Last Updated: January 11th, 2021
Author: Stephen Cooper


AMD’s A520 chipset occupies what could be seen as a crowded space. Now that Ryzen 5000 series CPUs are supported on the 400-Series chipsets, is there really room for the A520? Most would simply look at it and say, no, B450 boards only cost a bit more and you have the overclocking support. It’s a no brainer. Or, is it? After all, if you’re using your rig for work as well as play, do you really need cost up features like 2.5GbE? What about integrated Wi-Fi if you’re parked near your modem or router? Are you one to shy away from overclocking to retain that warranty, or simply don’t want to invest in an expensive cooler? These factors and more make A520, especially the “premium” A520 boards, more enticing. Today, we have a quick preview of an enthusiast level A520 motherboard, the GIGABYTE A520 AORUS ELITE.

The A520 AORUS ELITE occupies the high-end of A520 based motherboards. I picked this one up for a mere $89.99, a relative steal in comparison to most B550 motherboards, and still cost effective over B450 boards. Yes, it gives up overclocking support of the processor. However, that doesn’t mean you’re limited to stock performance. Unlike most B450 motherboards, you’re not limited to DDR4-3200. The A520 AORUS ELITE can handle up to DDR4-4266. I know, I know, why would you invest in such a kit when you’re only dropping $90 on a board? And I hear you. But, that doesn’t mean you can’t pick up a budget level DDR4-3200 kit and make it scream.

While this is one overclocking method that’s enabled by the A520 chipset, you do need to take into account that pesky stock CPU PPT limit. While you’re not pushing the SoC on a processor like the 5600X this board was tested with, ramping up that DDR and Infinity Fabric clock will consume a few extra watts. That means on high core count loads, you’ll end up giving up a bit of performance depending on how far you push it in frequency and voltage. Finding that right balance is the fun of the game.

Now, for this preview, and review, I’m focusing on performance with a Ryzen 5600X. Will most picking up this board want to sink that much cash into a processor? Probably not. You’d likely be heading down a route closer to a Ryzen 3600 if you’re going for a APU-less chip. A520 will allow for upgrades in the future to the Zen 3 line though. Some may also want to pair this up with any future Zen 3 + APU chip as well.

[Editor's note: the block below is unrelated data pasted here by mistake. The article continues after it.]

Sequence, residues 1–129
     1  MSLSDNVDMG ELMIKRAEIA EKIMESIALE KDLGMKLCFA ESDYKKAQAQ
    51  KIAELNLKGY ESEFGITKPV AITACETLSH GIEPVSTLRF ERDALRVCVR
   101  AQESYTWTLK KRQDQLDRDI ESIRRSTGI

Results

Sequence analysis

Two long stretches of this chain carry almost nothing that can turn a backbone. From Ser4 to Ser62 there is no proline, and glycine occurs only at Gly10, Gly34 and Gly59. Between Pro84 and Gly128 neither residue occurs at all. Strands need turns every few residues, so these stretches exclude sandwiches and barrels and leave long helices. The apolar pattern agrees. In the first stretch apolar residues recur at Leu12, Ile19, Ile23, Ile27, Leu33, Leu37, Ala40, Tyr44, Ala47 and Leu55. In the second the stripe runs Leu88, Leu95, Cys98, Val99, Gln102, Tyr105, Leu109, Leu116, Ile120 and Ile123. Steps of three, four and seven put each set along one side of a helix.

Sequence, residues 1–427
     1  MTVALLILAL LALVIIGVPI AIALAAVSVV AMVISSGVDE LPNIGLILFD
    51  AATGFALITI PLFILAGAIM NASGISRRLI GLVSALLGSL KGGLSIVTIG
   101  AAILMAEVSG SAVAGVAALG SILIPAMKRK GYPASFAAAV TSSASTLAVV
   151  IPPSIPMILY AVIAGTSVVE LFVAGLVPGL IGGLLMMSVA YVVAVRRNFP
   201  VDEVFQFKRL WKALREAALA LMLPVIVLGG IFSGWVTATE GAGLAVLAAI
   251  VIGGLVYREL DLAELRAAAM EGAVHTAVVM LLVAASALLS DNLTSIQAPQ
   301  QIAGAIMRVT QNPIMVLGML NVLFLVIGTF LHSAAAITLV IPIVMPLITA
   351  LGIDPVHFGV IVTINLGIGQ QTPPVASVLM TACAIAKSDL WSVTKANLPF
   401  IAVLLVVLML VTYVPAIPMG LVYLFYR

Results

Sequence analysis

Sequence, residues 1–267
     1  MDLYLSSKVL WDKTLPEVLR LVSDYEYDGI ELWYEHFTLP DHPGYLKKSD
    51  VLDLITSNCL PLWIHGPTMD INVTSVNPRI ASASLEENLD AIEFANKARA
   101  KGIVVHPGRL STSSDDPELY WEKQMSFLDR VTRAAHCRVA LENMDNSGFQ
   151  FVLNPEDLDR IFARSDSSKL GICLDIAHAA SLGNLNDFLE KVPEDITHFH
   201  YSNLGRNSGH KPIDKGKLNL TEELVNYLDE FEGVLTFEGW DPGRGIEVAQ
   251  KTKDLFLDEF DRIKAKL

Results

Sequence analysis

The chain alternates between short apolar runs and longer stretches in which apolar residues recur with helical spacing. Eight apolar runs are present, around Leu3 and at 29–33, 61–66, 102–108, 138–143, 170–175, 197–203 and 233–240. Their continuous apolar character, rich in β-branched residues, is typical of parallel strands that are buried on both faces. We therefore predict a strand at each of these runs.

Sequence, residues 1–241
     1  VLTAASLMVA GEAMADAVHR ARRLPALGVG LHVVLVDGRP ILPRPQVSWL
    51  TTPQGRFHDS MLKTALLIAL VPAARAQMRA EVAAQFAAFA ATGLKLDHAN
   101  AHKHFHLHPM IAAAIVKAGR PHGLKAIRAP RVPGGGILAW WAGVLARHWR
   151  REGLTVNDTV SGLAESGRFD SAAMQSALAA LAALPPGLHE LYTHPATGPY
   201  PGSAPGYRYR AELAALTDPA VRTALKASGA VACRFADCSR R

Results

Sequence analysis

Before we delve into a quick look at the board, here’s a quick glance at the specs, courtesy of GIGABYTE.

Specifications – A Quick Look

CPUAMD Socket AM4, support for AMD Ryzen™ 5000 Series / 3rd Generation AMD Ryzen™ processors / 3rd Generation AMD Ryzen™ with Radeon™ Graphics processors(Please refer “CPU Support List” for more information.)
ChipsetAMD A520
Memory4 x DDR4 DIMM sockets supporting up to 128 GB (32 GB single DIMM capacity) of system memory
AMD Ryzen™ 5000 series processors:
Support for DDR4 4266(O.C.) / 4000(O.C.) / 3866(O.C.) / 3800(O.C.) / 3733(O.C.) / 3600(O.C.) / 3466(O.C.) / 3400(O.C.) / 3333(O.C.) / 3300(O.C.) / 3200 / 2933 / 2667 / 2400 / 2133 MHz memory modules
3rd Gen AMD Ryzen™ Processors:
Support for DDR4 4400(O.C.) / 4000(O.C.) / 3600(O.C.) / 3333(O.C.) / 3200 / 2933 / 2667 / 2400 / 2133 MHz memory modules
3rd Gen AMD Ryzen™ with Radeon™ Graphics processors:
Support for DDR4 4733(O.C.) / 4600(O.C.) / 4400(O.C.) / 4000(O.C.) / 3600(O.C.) / 3333(O.C.) / 3200 / 2933 / 2667 / 2400 / 2133 MHz memory modules
Dual channel memory architecture
Support for ECC Un-buffered DIMM 1Rx8/2Rx8 memory modules
Support for non-ECC Un-buffered DIMM 1Rx8/2Rx8/1Rx16 memory modules
Support for Extreme Memory Profile (XMP) memory modules(Please refer “Memory Support List” for more information.)
Onboard GraphicsIntegrated in the 3rd Generation AMD Ryzen™ with Radeon™ Graphics processors:1 x DVI-D port, supporting a maximum resolution of 1920×1200@60 Hz
* The DVI-D port does not support D-Sub connection by adapter.
1 x HDMI port, supporting a maximum resolution of 4096×2160@60 Hz
* Support for HDMI 2.1 version, HDCP 2.3, and HDR.Maximum shared memory of 16 GB
AudioRealtek® ALC1200 codec
High Definition Audio
Support for S/PDIF Out
LANRealtek® GbE LAN chip (1000 Mbit/100 Mbit)
Expansion Slots (CPU)1 x PCI Express x16 slot, supporting PCIe 3.0 and running at x16 (PCIEX16)
* For optimum performance, if only one PCI Express graphics card is to be installed, be sure to install it in the PCIEX16 slot.Chipset:
1 x PCI Express x16 slot, supporting PCIe 3.0 and running at x2 (PCIEX2)
3 x PCI Express x1 slots, supporting PCIe 3.0 (PCIEX1_1, PCIEX1_2, PCIEX1_3)
* The PCIEX1_2 and PCIEX1_3 slots share bandwidth with the PCIEX2 slot. The PCIEX2 slot becomes unavailable when a device is installed in the PCIEX1_2 or PCIEX1_3 slot.
Storage Interface (CPU)1 x M.2 connector (Socket 3, M key, type 2242/2260/2280/22110 SATA and PCIe 3.0 x4/x2 SSD support)Chipset:
4 x SATA 6Gb/s connectors
Support for RAID 0, RAID 1, and RAID 10
USB (CPU)1 x USB 3.2 Gen 2 Type-A port (red) on the back panel
3 x USB 3.2 Gen 1 ports on the back panelChipset:
2 x USB 3.2 Gen 1 ports available through the internal USB header
4 x USB 2.0/1.1 ports available through the internal USB headers
4 x USB 2.0/1.1 ports on the back panelChipset+USB 2.0 Hub:
Internal I/O Connectors1 x 24-pin ATX main power connector
1 x 8-pin ATX 12V power connector
1 x CPU fan header
1 x water cooling CPU fan header
3 x system fan headers
2 x addressable LED strip headers
2 x RGB LED strip headers
1 x M.2 Socket 3 connector
4 x SATA 6Gb/s connectors
1 x front panel header
1 x front panel audio header
1 x USB 3.2 Gen 1 header
2 x USB 2.0/1.1 headers
1 x Trusted Platform Module (TPM) header (2×6 pin, for the GC-TPM2.0_S module only)
1 x serial port header
1 x Clear CMOS jumper
1 x Q-Flash Plus button
Back Panel Connectors1 x PS/2 keyboard/mouse port
1 x DVI-D port
1 x HDMI port
1 x USB 3.2 Gen 2 Type-A port (red)
3 x USB 3.2 Gen 1 ports
4 x USB 2.0/1.1 ports
1 x RJ-45 port
1 x optical S/PDIF Out connector
5 x audio jacks
I/O ControlleriTE® I/O Controller Chip